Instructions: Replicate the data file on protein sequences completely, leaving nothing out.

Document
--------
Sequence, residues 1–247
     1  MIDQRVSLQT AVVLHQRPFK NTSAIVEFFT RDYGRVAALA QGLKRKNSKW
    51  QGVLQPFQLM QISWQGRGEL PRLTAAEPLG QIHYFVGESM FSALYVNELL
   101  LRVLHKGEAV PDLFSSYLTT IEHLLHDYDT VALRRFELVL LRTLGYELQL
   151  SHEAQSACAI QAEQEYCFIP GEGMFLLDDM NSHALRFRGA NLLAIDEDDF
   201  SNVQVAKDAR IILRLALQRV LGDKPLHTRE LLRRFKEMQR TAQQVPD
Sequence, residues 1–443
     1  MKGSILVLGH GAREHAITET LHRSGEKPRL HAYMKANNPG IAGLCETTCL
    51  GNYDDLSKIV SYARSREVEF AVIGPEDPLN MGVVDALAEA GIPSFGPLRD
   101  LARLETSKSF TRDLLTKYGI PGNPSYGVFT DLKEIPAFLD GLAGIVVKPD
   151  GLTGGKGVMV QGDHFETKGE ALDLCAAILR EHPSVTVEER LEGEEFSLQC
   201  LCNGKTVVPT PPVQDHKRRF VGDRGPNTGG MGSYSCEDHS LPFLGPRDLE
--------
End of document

Sequence, residues 1–247
     1  MIDQRVSLQT AVVLHQRPFK NTSAIVEFFT RDYGRVAALA QGLKRKNSKW
    51  QGVLQPFQLM QISWQGRGEL PRLTAAEPLG QIHYFVGESM FSALYVNELL
   101  LRVLHKGEAV PDLFSSYLTT IEHLLHDYDT VALRRFELVL LRTLGYELQL
   151  SHEAQSACAI QAEQEYCFIP GEGMFLLDDM NSHALRFRGA NLLAIDEDDF
   201  SNVQVAKDAR IILRLALQRV LGDKPLHTRE LLRRFKEMQR TAQQVPD
Sequence, residues 1–443
     1  MKGSILVLGH GAREHAITET LHRSGEKPRL HAYMKANNPG IAGLCETTCL
    51  GNYDDLSKIV SYARSREVEF AVIGPEDPLN MGVVDALAEA GIPSFGPLRD
   101  LARLETSKSF TRDLLTKYGI PGNPSYGVFT DLKEIPAFLD GLAGIVVKPD
   151  GLTGGKGVMV QGDHFETKGE ALDLCAAILR EHPSVTVEER LEGEEFSLQC
   201  LCNGKTVVPT PPVQDHKRRF VGDRGPNTGG MGSYSCEDHS LPFLGPRDLE